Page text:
A company limited by guarantee is a registered company having the liability of its members limited by its memorandum of association to such amount as the members may respectively thereby undertake to pay if necessary on liquidation of the company. Members agree to contribute a specified amount to the company’s assets in the event of the company being wound up. (Total amount payable by all members is called the "guarantee fund").  Companies limited by guarantee are not usually formed for business ventures

The liability of members to pay the guaranteed amount arises only when the company has gone into liquidation and not when it is a going concern. Members, therefore, do not have to pay anything as long as company is a going concern - so company has no contributed capital. 

C. Unlimited Company: S.3(2)(c) 

The liability of members of an unlimited company is unlimited. Therefore their liability is similar to that of the liability of the partners of a partnership firm. The following are basic characteristics of unlimited companies

I. Members have unlimited liability (If company is being wound up, members can be made to contribute to the company’s assets without limit to enable it to pay its debts.) 

II. Cannot be public companies. 

III. Can be set up with or without a share capital. 

IV. Not subject to the same restrictions on alteration of capital as other types of company, and do not normally have to file annual accounts.

On the basis of control (Holding and Subsidiary companies)

When a company has control over another company it is known as a holding company. The company so controlled is known as a subsidiary company. A company shall be deemed to be subsidiary of another company if: -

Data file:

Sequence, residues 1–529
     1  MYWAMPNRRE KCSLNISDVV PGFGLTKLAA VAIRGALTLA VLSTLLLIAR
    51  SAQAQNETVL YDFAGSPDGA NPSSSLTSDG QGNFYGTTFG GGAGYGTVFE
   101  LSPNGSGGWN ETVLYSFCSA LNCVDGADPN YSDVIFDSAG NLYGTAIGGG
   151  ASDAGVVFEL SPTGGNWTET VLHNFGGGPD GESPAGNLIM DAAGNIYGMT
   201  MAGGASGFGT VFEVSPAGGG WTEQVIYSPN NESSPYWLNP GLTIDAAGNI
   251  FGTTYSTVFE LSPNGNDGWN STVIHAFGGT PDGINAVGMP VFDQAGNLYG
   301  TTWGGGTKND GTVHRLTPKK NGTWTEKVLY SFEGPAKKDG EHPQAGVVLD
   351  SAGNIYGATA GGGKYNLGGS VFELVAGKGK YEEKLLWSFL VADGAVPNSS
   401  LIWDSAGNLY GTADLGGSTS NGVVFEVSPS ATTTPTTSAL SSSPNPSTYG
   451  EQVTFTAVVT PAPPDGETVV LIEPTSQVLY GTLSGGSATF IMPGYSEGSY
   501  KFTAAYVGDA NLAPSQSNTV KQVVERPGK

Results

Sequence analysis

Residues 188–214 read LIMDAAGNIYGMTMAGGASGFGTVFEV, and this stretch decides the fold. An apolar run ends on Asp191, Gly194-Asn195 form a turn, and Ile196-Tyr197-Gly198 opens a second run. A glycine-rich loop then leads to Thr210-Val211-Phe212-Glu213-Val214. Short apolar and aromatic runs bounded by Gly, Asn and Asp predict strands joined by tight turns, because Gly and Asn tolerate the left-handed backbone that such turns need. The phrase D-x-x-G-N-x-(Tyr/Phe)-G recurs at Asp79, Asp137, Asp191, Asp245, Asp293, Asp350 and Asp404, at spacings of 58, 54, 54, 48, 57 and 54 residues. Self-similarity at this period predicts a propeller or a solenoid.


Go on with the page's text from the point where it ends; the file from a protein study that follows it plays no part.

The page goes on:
1. That other company controls the composition of its board of directors; or

2. That other company holds more than half in face value of its equity share capital

3. Subsidiary of another subsidiary. Where the company is a subsidiary of another company which is itself a subsidiary of the controlling company, the former becomes the subsidiary of the controlling company e.g. Company B is subsidiary of the Company A and Company C is subsidiary of Company B, therefore Company C is subsidiary of Company A.

The control of the composition of the Board of Directors of the company means that the holding company has the power at its discretion to appoint or remove majority of directors of the subsidiary company without consent or concurrence of any other person.

In determination whether one company is subsidiary of another, shares held or powers exercisable in the following cases shall not be taken into account.

a) Any shares held or power exercisable by the other company in fiduciary capacity

b) Where shares are held or power is exercisable by any person by virtue of the provisions of any debenture or of a trust deed for securing any issue of such debentures; and

c) Where shares are held or power is exercisable by lending company by way of security only for the purpose of a transaction entered into in the ordinary course of that business

You may also refer to section 487 of the Companies Act. 

On the basis of incorporation

(1) Statutory: - these are companies created by special Act of the legislature. Such companies are generally formed to carry out some special undertakings. These companies are owned by the government and the main objectives of these companies are to provide some necessary services for the benefit of the entire country. The provisions of companies Act may apply if not inconsistent with the special Act. 

S.2 of the Companies Act defines Statutory Corporation as the meaning given in the public corporations Act: ''public corporation'' means any corporation established under the Public Corporation Act or any other law and in which the Government or its agent owns fifty one percent or more of the shares but does not include an institution of learning, a district development corporation, a research institution or a sports institution;